Monday, April 21, 2014

Looking for Light: Jane Bown (2014) directed by Luke Dodd & Michael White

Looking for Light is a confident and modest documentary structured with intelligence and close attention to detail.  This buttoned-down precision matches the temperament of its subject: legendary Observer photographer Jane Bown.  Bown, responsible for photographing the luminaries interviewed in the Sunday paper, appears to have shot every major personality of the last 60 or so years.  From Winston Churchill, Aneurin Bevan and Elizabeth II to Bj√∂rk, Jarvis Cocker and er, David Gray.  

Born in 1925, the 2013 Jane Bown embodies some platonic Grannyesque ideal. She lives in a comfy house in the English countryside, replete with slightly faded black and white framed photos, china geegaws and a friendly cat. You almost smell the milky tea and taste the custard cream biscuits. She's an enigmatic woman, given to smiling at private jokes and staring off into the distance while making gnomic statements, the significance of which is obvious to her alone.

A decent slice of the documentary is devoted to unravelling the whys and hows of Jane Bown, trying to decode her personality from her personal history. At work she's quiet and unassuming, reporters tell us of her flitting around them as they conduct an interview, shooting pictures with cool, confident professionalism. Bown repeatedly explains that The Observer newspaper office was and somehow always will be her true home. She's apparently speaking literally, describing washing and drying her hair in the dark room. Even though The Observer has now moved to King's Cross she still spends time hanging out in the lobby, chatting to a steady stream of her former colleagues, all of whom are delighted to see her and happily stop to have a natter.

Bjork by Jane Bown
Refreshingly (considering some recent art documentaries) Bown's work is presented beautifully and treated with the gravitas it deserves.  It's a testament to her aesthetic skills that by far the best portions of the film are silent slideshows of her black and white portraits.  This is brilliant minimalist cinema, the directors confident enough to let Bown's work stand alone without distracting commentary or even much context.  As we lock stares with the leading lights of the 20th century, we sense that these portraits captures some essence of their being.  Possibly this is us projecting what we'd like to see onto the subjects, yet there's a gleam in the eyes and a kind of statuesque permanence in the greys and deep blacks surrounding them.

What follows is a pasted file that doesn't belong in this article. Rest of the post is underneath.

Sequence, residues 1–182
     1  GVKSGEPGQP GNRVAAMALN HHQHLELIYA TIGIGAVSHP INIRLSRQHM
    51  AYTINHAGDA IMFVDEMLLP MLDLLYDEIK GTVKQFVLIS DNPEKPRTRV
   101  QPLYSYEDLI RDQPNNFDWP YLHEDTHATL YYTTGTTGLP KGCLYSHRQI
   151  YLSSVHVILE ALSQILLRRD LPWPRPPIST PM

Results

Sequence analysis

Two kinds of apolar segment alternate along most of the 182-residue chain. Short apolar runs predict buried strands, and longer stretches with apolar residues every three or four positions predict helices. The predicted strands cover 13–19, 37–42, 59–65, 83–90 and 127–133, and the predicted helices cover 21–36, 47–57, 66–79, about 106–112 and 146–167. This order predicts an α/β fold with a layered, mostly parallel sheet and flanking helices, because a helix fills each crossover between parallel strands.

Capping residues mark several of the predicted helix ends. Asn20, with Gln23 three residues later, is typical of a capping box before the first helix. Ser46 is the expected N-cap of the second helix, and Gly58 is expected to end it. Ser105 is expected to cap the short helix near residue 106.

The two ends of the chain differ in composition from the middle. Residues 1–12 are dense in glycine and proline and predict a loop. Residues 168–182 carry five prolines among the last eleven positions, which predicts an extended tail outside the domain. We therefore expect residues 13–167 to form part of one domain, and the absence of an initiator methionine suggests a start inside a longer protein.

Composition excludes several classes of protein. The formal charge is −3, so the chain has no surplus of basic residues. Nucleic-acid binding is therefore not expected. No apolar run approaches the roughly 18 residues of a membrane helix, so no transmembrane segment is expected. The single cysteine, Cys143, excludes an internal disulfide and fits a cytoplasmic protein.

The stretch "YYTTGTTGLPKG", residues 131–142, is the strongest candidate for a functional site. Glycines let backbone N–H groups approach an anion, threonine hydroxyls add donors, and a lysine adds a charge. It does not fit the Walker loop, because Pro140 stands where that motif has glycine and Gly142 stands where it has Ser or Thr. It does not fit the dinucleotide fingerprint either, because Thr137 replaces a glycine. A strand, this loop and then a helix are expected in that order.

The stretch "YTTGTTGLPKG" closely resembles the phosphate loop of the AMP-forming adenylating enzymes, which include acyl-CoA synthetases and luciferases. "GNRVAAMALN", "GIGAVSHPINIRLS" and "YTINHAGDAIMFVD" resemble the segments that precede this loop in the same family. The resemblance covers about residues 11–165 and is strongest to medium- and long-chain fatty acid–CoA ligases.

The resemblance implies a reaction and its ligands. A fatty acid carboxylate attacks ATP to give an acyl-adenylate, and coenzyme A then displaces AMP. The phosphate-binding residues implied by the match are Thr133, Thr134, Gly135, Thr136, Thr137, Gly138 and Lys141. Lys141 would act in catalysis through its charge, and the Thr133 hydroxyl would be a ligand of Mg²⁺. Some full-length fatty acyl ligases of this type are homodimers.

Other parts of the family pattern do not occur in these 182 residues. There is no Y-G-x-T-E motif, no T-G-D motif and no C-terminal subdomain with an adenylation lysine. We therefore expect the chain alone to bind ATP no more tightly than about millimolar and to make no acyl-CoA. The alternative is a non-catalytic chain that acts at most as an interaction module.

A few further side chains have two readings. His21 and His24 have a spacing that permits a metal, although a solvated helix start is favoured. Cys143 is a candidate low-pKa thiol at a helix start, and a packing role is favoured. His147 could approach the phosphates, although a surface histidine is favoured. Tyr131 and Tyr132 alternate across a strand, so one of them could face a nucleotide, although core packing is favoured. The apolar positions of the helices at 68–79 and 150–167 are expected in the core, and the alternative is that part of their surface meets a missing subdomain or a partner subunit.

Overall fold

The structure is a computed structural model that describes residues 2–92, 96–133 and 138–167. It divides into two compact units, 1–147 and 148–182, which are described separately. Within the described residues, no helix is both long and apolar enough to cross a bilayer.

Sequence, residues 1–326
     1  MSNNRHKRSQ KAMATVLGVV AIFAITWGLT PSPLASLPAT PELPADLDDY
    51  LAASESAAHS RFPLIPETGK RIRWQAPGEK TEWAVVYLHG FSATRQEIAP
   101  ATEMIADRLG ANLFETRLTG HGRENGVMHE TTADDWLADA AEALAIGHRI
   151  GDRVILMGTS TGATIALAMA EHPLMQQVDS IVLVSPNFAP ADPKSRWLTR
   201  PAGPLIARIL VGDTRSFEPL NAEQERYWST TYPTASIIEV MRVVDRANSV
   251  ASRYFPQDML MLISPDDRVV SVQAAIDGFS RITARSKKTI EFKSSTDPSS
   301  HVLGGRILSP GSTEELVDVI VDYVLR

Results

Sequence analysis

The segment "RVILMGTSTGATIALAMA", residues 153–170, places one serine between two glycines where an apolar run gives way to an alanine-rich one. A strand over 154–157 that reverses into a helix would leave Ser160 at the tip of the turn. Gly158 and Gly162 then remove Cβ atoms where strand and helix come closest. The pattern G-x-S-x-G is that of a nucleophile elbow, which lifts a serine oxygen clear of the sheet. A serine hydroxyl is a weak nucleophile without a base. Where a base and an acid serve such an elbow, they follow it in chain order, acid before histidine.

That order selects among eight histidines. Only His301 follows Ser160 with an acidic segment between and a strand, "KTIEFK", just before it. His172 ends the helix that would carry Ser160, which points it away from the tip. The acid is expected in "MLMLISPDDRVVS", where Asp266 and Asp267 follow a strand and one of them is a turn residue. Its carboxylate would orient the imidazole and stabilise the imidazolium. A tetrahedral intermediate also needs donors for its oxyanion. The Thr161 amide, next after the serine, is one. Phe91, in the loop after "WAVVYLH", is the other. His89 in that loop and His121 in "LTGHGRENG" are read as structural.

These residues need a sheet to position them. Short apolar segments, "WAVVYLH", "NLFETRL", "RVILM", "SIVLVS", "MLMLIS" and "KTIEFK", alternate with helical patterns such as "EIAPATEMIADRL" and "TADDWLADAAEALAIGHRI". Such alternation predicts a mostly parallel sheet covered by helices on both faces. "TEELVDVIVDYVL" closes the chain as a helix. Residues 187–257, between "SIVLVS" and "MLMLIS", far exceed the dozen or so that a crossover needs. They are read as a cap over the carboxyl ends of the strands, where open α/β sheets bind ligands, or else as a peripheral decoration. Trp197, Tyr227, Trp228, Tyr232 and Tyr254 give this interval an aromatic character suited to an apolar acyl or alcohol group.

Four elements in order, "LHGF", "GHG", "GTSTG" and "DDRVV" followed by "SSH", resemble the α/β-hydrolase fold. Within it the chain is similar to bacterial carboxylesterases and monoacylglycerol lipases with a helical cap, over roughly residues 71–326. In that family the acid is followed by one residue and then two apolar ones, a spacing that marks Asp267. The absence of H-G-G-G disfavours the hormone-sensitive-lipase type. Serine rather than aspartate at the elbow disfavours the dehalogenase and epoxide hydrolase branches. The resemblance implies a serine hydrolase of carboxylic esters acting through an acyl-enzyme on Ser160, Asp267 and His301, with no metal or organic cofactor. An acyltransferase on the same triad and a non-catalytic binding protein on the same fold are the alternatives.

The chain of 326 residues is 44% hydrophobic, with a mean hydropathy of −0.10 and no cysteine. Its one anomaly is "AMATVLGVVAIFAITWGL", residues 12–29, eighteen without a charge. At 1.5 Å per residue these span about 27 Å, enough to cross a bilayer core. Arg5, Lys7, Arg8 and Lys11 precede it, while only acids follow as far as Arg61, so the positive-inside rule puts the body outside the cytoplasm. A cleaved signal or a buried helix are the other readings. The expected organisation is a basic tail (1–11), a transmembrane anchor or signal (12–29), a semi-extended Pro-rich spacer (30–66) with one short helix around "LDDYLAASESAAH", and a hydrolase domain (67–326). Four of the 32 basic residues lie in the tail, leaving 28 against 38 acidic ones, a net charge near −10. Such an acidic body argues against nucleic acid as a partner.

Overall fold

The best is an astonishing portrait of a grumpy Samuel Beckett, snapped in a hurry outside a stage door. With a face like a beaten up leather glove, wiry hair and deep eyes he looks hewn from steel – simultaneously sad, confident and perceptive.  I get a bit peeved at 'artist' photographers; an Instagram feed of squirrels in parks and boho junk shops tinted sepia does not an artist make.  Yet confronted with this body of work it's impossible to deny that Bown has some unique combination of technical ability, aesthetic instinct and perfect timing that allows her to clearly capture the essence of her subject.

Samuel Beckett by Jane Bown
This documentary aims for the same clarity, conducting a photographic archaeological excavation into Bown's past.  This is where the film comes a little unstuck. Bown's childhood and ancestry is mildly diverting stuff, and her being shuttled from family to family as a child certainly impacted upon her adult personality – yet a touch too much time is devoted to it. There are moments where we're poring through boxes of dog-eared faded photographs of the long-dead when you feel as if you're trapped with an much-loved, yet slightly boring great aunt. It's a pity,  Bown is by far at her most interesting when she's engaged in discussions of her work rather than her roots and the director's insistence on dwelling on gravestones and family trees feels a touch heavyhanded – forcing her into the role of a 'granny' rather than 'artist'.

Similarly slightly disappointing are the interviews with Bown's colleagues and friends. Bown admittedly seems like a lovely person to know and work with, yet the constant singing of her praises means that we all too often stray into the realm of hagiography rather than actual analysis of what her work and life add up to. There's also a somewhat odd out-of-place interview with Richard Ashcroft, who appears to have no connection to Bown other than being photographed by her once – he subsequently claims that they “fell in love” during the session, a claim that sounds a touch bizarre.

This the strength of the material shines through – how could it not?  Though things are a bit padded at times, this is a film that knows its strengths lie in Bown's amazing black and white photography. When this is front and centre the film approaches the sublime, allowing us to drift silently in a sea of texture, shadow and gradients. Watching this in a cinema the size of the pictures only adds to their impact, trumping flicking through them in a book or online any day.

But in actually understanding the whos and whys of Mary Bown the film comes up short. By the time the credits roll we know about her childhood and her photographic commandments – but as a person she remains mysterious and opaque.  In the end it's the newspaper she worked for that came to define her identity; she's not a participant so much as a quiet, attentive and artful 'observer' – no wonder she's such a such a successful photographer.


Looking for Light: Jane Bown is released April 25th

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